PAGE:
Headliners at the Aeronaut | Gig review by Steve Bennett in London

Headliners at the Aeronaut

Gig review by Steve Bennett in London

It’s a big—top themed venue that offers suitably circusy entertainment at weekends. But now the Aeronaut in Acton, West London, has decided to send in the clowns, teaming up with Headliners comedy club to stage a stand-up night each Thursday.

Tonight’s show, we’re assured is atypical. With a tiny audience of under two dozen in a room that would fit maybe ten times as many, the atmosphere couldn’t have been more subdued. The carnival is not in town tonight.

It made the comedians’ job near-impossible, especially with little build-up. Promoter Simon Randall serves as compere, rather than a pro act. So almost straight off the bat, the hesitant audience is plunged into the awkward world of absurdist Mat Ewins – and they didn’t much take to it.

Even in the best of circumstances, his set involves trying to wrongfoot its observers. But since the audience hadn’t yet got their bearings, they were left more baffled than amused by his high-concept ideas. These include asking a volunteer to take on the impossible task of bleeping-out his profligate swear words or taking on the role of his absent (and racist) double-act partner, using the script provided. There’s goodwill towards him, but little connection - and only when he cracks something approaching an old-fashioned gag is a laugh forthcoming.

Ewins was followed onto the stage beneath the Dodgems sign by another peculiar act, George Egg – a prop comic who remains silent for the first couple of minutes of his old-school set.

He straddles the line between cheesy dad gags and a more ironic take on what he’s doing, but again struggled to find the audience’s wavelength. They didn’t seem to notice when he impossibly produced a bowling ball out of an attache case a quarter of its diameter.

There are other neat visual gags, too – and credit to him for lugging around a giant suitcase you’d never get on easyJet, even if he does sometimes seem to be trying a bit too hard to milk a prop, his mucking about with a travel pillow being a case in point.

Of the verbal material, the Stephen Hawking jokes seem as old as the universe, and he’s more than willing to play out other gags even after observing, ‘you know where I’m going with this, don’t you?’ He adds twists, but he was right about us guessing the thrust. However, he also offers a handful of neat, quotable jokes to go into the credit column of this mixed-impact set.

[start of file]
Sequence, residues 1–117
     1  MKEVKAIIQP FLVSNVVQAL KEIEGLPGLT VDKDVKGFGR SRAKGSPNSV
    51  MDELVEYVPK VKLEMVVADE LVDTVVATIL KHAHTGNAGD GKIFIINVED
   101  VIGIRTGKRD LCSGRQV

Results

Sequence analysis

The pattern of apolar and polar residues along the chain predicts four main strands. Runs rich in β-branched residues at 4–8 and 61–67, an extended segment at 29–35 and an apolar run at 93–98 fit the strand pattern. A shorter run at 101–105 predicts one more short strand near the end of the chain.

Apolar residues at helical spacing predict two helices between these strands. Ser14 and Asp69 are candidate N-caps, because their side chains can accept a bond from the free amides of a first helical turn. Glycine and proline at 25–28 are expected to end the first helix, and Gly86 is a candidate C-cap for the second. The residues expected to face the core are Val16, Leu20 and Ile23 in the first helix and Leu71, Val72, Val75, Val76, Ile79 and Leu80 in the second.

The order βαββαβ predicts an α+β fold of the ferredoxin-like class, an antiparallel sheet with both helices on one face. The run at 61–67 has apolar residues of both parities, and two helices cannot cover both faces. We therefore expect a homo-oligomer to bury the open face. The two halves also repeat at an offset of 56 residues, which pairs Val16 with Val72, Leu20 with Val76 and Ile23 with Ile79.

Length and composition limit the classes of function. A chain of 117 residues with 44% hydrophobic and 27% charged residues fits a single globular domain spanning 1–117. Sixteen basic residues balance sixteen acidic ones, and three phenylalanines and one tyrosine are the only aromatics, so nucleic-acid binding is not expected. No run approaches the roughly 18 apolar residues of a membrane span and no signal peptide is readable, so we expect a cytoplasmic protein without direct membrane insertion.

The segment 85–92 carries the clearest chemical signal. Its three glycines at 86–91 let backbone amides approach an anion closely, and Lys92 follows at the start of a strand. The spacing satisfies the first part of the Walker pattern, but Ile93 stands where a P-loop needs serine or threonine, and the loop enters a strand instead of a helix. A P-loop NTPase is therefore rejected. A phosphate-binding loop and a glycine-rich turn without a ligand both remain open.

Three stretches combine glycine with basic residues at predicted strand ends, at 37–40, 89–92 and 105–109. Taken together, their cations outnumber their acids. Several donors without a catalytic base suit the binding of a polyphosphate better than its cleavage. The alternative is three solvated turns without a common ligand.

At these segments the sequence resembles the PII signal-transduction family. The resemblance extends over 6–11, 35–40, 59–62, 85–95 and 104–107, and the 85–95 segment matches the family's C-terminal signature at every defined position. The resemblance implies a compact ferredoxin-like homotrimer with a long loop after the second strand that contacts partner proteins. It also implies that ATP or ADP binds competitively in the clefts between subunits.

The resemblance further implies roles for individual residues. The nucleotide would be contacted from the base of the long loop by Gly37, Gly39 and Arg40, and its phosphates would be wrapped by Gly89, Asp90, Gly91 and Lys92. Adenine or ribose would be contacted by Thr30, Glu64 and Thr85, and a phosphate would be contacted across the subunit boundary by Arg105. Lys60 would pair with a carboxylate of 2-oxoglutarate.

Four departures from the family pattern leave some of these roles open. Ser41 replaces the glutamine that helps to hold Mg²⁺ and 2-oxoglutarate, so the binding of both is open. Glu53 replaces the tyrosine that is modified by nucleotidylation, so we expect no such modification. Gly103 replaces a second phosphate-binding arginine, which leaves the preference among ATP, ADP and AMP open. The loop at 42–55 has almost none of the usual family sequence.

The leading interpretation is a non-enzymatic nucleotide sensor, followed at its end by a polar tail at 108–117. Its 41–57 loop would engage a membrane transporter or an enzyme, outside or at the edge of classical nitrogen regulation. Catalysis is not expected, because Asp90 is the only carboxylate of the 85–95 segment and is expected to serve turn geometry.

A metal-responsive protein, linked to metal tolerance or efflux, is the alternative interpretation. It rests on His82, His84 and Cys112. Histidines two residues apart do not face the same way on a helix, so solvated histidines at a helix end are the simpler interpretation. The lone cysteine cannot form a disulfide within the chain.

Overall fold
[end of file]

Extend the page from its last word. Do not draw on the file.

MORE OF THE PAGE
Yet for a relatively mainstream club, this was a strange first half.

After the interval, and Randall’s admin, came Carly Smallman – who made the strongest connection with the crowd simply by being relatively normal. Ditching the musical elements of the act she usually performs, she chatted about her travails on the dating scene and the poshness of Waitrose. Nothing is groundbreaking, and there are no great payoffs, but relatable is all the audience needs at this point, and she draws them in. Perhaps she should have opened…

Closing, Jack Barry has some engaging and original material, notably about dogs that can sniff out cancer, but he doesn’t seem to have a lot of confidence in some of it. Certain sections are prefaced with a lot of disclaimers, and there’s an almost apologetic nervous laughter from the stage after other gags.

Yet the material is generally pleasing, from his version of changing attitudes to sexuality to his day job of managing the social media accounts of a fast-food chain (though this section does go on a bit too long). Again paradigms have not been shifted, and Barry didn’t feel like a big-impact headliner, but he’s a likeable, amusing comic.

The Aeronaut’s a great space for comedy, if only it were fuller – and had more sense of purpose to the line-up.

Review date: 24 Apr 2015
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Reviewed at: The Aeronaut

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